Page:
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Woodstock Vt

Woodstock Vt

Photo of Middle Covered Bridge in Woodstock VT

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Though in a state known for its liberalism, Woodstock VT is not the location of the legendary 1969 Woodstock music and art event. That is 160 odd miles to the west in upstate New York.

Woodstock VT, however is a place you want to visit today. Snuggled up against the eastern edge of the Green Mountains, it typically makes all the lists of prettiest towns in New England, and rightfully so. Nestled in a valley between Mount Tom and Mount Peg, with the Ottauquechee River sliding through, it’s a bustling little village of charming shops, eateries, churches and elegant homes. Strolling downtown is like walking through a movie set, only better, because it’s real and it’s not so pristine as to feel fake. As you can guess, that means it can get crowded with visitors, particularly in the fall. Plan accordingly

Settled in 1768 and incorporated in 1837, the fertile valley in which this charming village resides began its settled life as a farming community. The products included beef, pork, butter, cheese, and of course cider. Sheep farming was also important, a mainstay in Vermont in the early post-colonial days. The most famous farm was and is the Billings Farm, now the Billings Farm and Museum, worthy as a destination in itself, along with the Marsh-Billings-Rockefeller Park across the road.

In addition to Woodstock’s primary village, the town also includes the hamlets of Taftsville, West Woodstock, Prosper and South Woodstock, scattered afield from the main village. West Woodstock is primarily a small commercial strip (Vermont style, that is – don’t think plaza or chain stores) along Route 4 following alongside the Ottauquechee River. It hosts a handful of lovely inns, the Lincoln Covered Bridge, the Woodstock Farmers’ Market, and the cute and unlikely little White Cottage Snack Bar serving up fried clams, burgers and ice cream during the warm months.

Pretty little Taftsville is somewhat of a drive-by between Woodstock village and Quechee, but is worthy of a stop for the1836 Taftsville Covered Bridge, overlooking the Taftsville Station Hydroelectric Dam, which dates from 1909. Also worthy of a stop, presuming (fingers crossed) it is able to reopen under new owners, is the sweet Taftsville Country Store.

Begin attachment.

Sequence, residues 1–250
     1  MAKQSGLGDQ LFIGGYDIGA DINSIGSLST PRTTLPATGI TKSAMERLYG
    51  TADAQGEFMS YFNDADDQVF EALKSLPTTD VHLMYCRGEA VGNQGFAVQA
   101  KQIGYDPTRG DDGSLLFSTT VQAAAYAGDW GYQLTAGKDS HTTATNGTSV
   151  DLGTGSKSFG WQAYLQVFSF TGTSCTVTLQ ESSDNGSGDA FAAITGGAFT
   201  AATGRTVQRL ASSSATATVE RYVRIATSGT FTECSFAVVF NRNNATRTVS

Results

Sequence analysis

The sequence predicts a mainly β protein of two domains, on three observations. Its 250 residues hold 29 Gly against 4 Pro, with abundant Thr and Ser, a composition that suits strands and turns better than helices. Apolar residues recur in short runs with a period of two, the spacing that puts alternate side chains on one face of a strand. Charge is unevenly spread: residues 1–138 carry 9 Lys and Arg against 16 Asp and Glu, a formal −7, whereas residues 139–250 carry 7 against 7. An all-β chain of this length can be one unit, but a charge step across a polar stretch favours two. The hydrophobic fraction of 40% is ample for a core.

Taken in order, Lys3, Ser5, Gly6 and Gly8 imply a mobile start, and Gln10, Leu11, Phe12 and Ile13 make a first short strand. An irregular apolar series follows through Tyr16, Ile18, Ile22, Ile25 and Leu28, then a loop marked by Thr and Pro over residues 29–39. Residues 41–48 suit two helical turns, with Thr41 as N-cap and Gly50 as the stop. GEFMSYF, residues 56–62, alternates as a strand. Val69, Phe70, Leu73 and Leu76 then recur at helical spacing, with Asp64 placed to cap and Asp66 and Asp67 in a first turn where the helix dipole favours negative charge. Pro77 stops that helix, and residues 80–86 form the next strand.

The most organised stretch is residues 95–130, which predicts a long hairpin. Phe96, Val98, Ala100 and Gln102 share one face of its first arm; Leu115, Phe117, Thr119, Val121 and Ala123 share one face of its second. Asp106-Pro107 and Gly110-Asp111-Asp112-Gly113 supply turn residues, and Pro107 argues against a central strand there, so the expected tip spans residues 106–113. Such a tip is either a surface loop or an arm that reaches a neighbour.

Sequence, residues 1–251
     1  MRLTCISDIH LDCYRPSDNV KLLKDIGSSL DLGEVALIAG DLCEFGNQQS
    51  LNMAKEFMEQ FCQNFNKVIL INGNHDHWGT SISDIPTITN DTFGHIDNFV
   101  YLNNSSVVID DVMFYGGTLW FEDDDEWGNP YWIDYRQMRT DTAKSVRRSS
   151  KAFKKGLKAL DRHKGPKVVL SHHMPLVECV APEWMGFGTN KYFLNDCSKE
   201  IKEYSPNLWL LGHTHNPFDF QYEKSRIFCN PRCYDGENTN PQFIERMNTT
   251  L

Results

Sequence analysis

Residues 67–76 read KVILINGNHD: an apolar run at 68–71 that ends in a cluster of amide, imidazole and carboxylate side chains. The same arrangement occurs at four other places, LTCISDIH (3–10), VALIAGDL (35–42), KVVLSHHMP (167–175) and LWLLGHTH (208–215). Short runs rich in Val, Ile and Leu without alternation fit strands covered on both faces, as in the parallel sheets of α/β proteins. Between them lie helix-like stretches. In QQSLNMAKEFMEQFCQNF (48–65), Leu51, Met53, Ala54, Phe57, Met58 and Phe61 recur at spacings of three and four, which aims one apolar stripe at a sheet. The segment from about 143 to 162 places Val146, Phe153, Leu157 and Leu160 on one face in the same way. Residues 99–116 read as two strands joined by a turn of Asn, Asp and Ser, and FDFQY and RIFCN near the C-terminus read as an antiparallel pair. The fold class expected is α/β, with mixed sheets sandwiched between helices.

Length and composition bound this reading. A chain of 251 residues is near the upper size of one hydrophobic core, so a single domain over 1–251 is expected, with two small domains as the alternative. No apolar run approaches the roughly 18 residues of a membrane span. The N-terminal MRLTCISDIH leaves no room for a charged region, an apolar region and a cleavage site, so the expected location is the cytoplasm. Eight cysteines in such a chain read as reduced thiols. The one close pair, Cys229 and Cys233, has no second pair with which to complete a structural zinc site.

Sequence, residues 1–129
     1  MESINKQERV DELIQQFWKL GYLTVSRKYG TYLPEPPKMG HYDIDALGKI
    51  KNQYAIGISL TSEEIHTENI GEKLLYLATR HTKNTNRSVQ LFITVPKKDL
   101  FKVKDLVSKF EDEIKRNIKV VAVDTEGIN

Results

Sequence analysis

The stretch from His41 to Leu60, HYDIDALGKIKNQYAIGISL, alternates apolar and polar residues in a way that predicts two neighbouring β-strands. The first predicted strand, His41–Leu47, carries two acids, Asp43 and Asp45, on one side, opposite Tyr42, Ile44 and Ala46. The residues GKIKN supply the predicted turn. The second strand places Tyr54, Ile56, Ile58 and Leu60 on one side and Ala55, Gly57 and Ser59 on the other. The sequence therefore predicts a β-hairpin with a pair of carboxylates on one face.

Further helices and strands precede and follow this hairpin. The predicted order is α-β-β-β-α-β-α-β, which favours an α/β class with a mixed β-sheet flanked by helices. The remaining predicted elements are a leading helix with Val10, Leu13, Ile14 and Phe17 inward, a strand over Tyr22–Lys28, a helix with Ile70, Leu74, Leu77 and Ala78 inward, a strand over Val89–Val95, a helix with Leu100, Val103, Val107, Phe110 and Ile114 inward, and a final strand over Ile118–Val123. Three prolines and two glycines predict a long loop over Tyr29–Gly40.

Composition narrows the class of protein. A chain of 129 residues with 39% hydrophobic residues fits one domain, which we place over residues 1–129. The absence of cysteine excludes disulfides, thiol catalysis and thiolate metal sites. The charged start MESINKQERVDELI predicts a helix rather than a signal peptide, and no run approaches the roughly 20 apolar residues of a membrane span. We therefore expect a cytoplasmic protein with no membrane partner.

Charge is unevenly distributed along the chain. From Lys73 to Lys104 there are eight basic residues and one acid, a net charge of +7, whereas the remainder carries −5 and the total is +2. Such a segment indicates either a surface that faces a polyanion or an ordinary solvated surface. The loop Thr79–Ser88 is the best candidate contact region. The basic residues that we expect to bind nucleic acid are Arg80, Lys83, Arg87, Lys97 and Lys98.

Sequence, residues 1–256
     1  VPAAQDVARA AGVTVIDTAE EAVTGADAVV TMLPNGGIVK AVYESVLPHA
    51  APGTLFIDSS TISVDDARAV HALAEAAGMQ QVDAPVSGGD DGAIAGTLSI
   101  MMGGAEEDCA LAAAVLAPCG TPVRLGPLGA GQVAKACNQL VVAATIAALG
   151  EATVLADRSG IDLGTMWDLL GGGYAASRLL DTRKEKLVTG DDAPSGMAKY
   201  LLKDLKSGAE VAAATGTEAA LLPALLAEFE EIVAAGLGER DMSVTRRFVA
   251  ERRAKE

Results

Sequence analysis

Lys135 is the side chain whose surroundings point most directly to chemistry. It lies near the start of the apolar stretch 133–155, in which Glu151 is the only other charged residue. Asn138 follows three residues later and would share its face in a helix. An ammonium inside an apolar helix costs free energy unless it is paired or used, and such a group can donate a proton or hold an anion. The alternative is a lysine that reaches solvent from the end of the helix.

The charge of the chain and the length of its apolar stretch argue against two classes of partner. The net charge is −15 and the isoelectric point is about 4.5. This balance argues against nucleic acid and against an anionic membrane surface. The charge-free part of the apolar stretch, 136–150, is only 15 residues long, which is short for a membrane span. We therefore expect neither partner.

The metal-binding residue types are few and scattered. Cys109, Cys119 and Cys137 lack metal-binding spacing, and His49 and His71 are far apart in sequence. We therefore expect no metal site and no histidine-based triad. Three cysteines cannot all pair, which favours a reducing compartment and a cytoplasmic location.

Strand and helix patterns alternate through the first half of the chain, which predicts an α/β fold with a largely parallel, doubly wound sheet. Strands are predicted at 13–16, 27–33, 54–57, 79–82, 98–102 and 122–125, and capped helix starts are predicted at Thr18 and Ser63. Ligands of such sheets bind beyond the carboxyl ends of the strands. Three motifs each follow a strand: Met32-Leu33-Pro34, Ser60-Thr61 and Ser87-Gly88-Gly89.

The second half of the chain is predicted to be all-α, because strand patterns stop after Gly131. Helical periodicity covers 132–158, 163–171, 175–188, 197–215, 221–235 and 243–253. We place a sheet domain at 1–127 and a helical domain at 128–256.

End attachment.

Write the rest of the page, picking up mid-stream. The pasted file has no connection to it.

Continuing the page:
South Woodstock is centered by a superbly pretty and tiny village, and is known as Woodstock’s horse country, an area replete with historic federal and colonial houses and a gorgeous landscape. It is also host to the Kedron Valley Inn and the South Woodstock Country Store.

Last, but not least, is tiny Prosper, an area in the far northwest corner of the town through which the Appalachian Trail traverses.

The residents of Woodstock are engaged and proud of their community and there is always something going on. Between the big events like the July 4th celebration, August’s Taste of Woodstock, September’s Art Festival and December’s Wassail Weekend, the calendar is filled with smaller happenings that are the hallmark of a vibrant community. These include readings at the beautiful Norman Williams Public Library, movies at the iconic Woodstock Town Hall Theatre, sidewalk sales, and the summertime weekly Market on the Green.

Be sure to check the official Woodstock information site to see the latest. This is one of the best town sites I’ve seen, and it includes an excellent blog.

Spend some time here and you will likely never want to leave.

Events not to miss

Interesting Trivia

Six bells from Paul Revere’s foundry grace the town, allegedly and believably the most of any community in New England.

The Vermont Standard has been publishing its weekly newspaper since 1853.

The first ski rope tow in the U.S. was built in 1933 at the Woodstock Ski Hill (near present day Saskadena Six Ski Area, formerly Suicide Six). It was powered by an old Buick motor.

Billings, Montana is named after Frederick Billings, who is credited with completing the Northern Pacific Railroad, along with his farming fame in Woodstock.

Kedron Valley Inn was featured as the backdrop for Budweiser commercials featuring the Clydesdales.

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